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Thesis
Home   /   Thesis   /   Optical coupling between high power lasers and photonic circuits for LiDAR applications

Optical coupling between high power lasers and photonic circuits for LiDAR applications

Abstract

Silicon photonics was initially developed for high-performance telecommunications, but new applications quickly emerged. These include the development of LiDARs (Light Detection And Ranging) intended for environmental imaging for vehicles and autonomous systems. Indeed, existing LiDARs are made of discrete components whose mechanical assembly makes them fragile, expensive and bulky. By using a photonic chip, the current optical beam scanning system (moving mirrors) could be replaced by an integrated Optical Phased Array (OPA). To be able to detect objects located several tens (or even hundreds) of meters away, it is necessary to use a high-power laser because only a small amount of the emitted light will be redirected to the LiDAR. However, the few demonstrations of OPA based LiDARs rely on external lasers that are very expensive and incompatible with large-scale commercialization. Achieving an efficient coupling between a powerful integrated laser and a photonic chip is therefore of primary importance and has not yet been demonstrated by the community. Beyond LiDARs, the coupling of high optical power in a photonic chip would also find interest for many other applications: powerful mode-lock lasers, nonlinear optics, sensors, etc.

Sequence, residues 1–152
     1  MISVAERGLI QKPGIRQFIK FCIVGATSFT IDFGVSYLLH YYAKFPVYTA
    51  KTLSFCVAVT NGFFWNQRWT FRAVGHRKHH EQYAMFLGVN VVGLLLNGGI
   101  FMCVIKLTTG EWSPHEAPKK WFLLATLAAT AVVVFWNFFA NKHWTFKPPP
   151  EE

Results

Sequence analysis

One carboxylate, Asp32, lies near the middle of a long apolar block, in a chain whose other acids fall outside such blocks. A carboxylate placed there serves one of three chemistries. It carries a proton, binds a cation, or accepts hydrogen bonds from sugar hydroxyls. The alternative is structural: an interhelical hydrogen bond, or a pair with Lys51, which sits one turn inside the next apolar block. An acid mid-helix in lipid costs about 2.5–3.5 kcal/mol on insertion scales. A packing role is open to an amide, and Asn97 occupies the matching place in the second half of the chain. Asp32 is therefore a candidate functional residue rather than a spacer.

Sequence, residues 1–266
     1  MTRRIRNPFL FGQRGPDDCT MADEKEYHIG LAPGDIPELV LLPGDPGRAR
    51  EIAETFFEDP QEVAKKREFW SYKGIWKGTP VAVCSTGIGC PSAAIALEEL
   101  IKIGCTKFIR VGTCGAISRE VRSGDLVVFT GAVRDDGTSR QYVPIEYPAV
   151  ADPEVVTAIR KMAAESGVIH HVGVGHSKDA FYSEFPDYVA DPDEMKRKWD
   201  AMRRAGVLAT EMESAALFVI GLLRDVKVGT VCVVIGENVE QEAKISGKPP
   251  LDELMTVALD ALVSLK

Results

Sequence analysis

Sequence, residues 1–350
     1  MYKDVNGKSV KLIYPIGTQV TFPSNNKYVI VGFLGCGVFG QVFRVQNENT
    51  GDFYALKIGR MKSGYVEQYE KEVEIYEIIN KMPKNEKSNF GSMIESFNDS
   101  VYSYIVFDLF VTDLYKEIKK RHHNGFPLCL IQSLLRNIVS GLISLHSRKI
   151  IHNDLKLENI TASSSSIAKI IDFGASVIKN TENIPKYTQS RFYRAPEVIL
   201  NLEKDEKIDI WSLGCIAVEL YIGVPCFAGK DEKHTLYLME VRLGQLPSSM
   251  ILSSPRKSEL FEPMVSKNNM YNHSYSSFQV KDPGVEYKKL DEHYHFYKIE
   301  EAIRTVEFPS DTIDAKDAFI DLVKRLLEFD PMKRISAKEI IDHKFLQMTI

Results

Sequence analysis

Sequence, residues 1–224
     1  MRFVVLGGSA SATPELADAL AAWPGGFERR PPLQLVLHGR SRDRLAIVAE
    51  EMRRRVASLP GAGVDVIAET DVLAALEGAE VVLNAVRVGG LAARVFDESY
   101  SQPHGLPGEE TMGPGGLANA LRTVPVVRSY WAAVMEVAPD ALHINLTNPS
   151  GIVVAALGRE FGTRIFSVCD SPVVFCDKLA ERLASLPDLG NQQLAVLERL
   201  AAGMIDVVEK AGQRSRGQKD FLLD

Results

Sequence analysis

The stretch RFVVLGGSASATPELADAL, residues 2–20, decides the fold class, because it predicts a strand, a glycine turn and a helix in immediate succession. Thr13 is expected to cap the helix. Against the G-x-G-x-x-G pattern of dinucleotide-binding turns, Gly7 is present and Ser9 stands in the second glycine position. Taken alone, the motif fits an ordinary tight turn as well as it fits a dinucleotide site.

As part of the European H2020 VIZTA project, the CEA LETI is already working on this issue in collaboration with the III-V lab located in Saclay (France), which supplies the lasers. This thesis is therefore a continuation of this work that will be deepened by the candidate with the main objective of demonstrating an effective coupling between a powerful laser and a photonic chip, as well as complete demonstrator circuits. In parallel, several upstream studies will also have to be conducted by the candidate: evaluation of the power handling capabilities of photonic devices (non-linear effects), power mode-lock lasers, packaging constraints (alignment, heat dissipation, etc.). The main activities carried out during the thesis concern the design and simulation of photonic components, the monitoring of their manufacture and their electrical and optical characterization. To carry out the project, the candidate will have access to the calculation means and characterization benches available at CEA-LETI. The technological developments will be carried out on regular manufacturing runs via the 200mm photonic platforms of the CEA Grenoble.

Laboratory

Département d’Optronique (LETI)
Service des Nouvelles Applications de la Photonique
Laboratoire d’Intégration Photonique sur Silicium
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